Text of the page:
Album Review: Supernowhere — ‘Skinless Takes a Flight’

Posted: by The Editor

It’s not particularly easy to pin down a band like Supernowhere, and paradoxically that statement might be the best way to define them. This is a band that feels fluid, constantly in motion, groovy and wispy and holographic, as if they might slip through your fingers or pass effortlessly through the front door. It’s hard to feel like you’ve really gotten to know them even after you’ve spent a while with their spindly, echoing kind of indie rock, but that feeling just makes you want to dive deeper, spend even more time getting acquainted. 

There are a lot of bands like this—parts of Skinless Takes a Flight, the band’s second LP, remind me of Big Thief circa UFOF or Chastity Belt’s I Used to Spend So Much Time Alone, shimmery and delicate and gazing into some distant unknown; others remind me of Death Cab For Cutie’s Something About Airplanes, tentative and uncertain and perpetually cerebral, plinking guitar loops that make a sound like you’re triangulating your thoughts into a corner. Some other notable Topshelf Records releases in recent years have drawn from a similar well, particularly Crisman’s self-titled record and addy’s Eclipse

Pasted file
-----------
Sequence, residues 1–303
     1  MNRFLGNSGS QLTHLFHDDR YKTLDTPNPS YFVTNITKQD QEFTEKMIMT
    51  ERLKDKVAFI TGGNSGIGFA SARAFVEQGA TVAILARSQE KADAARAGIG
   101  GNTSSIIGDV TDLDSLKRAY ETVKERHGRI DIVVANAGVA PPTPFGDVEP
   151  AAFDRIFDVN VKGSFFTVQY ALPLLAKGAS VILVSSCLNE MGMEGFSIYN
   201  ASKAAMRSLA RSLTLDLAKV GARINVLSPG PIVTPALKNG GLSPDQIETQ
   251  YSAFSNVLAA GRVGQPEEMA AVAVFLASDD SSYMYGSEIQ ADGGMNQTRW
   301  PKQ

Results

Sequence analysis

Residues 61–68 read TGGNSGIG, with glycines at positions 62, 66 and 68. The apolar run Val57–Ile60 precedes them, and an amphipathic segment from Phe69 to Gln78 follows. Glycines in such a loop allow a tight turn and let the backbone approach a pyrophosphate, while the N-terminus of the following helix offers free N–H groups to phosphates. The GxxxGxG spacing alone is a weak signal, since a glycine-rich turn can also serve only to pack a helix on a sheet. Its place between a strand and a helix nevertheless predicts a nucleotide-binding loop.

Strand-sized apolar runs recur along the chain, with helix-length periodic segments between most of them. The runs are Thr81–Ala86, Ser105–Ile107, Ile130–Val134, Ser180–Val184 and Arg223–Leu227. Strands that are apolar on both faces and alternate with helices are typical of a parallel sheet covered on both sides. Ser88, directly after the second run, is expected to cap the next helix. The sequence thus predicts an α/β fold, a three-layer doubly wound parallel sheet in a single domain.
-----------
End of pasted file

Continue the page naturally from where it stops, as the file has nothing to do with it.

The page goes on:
I think what sets Supernowhere apart is their surprising might in the midst of all this ephemeralness. The Seattle band finds an unexpected balance for their predominant impressionism, and often it comes in the form of a shockingly muscular guitar. In “Basement Window,” for instance, the band’s shimmering, ruminative baseline turns to full cacophony. “Dirty Tangle,” meanwhile, sounds steady and forceful, kinetic guitars from Kurt Pacing and fluttering drums from Matthew Anderson clash against Meredith Davey’s moaning, languid vocals. When listening to a Supernowhere song like “Dirty Tangle,” it’s sometimes possible to imagine the three members performing wildly different dances to suit their individual parts. In these moments, Skinless Takes a Flight is totally mesmerizing, and it’s a lovely task to sit there and try to figure out how it all works.

It’s when these individual pieces are most in line with one another that Supernowhere tends to feel a little too monochromatic. A few of the songs on Skinless Take a Flight seem to be a little too amorphous, gliding along and unfortunately fading into the background. “Amphibian,” for example,  interrupts the strange, off-kilter momentum of the opening half with a small, patient song that seems to fade off into the ether a little too easily. Songs like these seem designed to enhance the band’s interest in cultivating a free-associative, dream-like quality around their music. But when they’re at their best, a daydream seems a little beside the point. Supernowhere are beguiling enough to be captivating in the here and now. 


Jordan Walsh | @jordalsh

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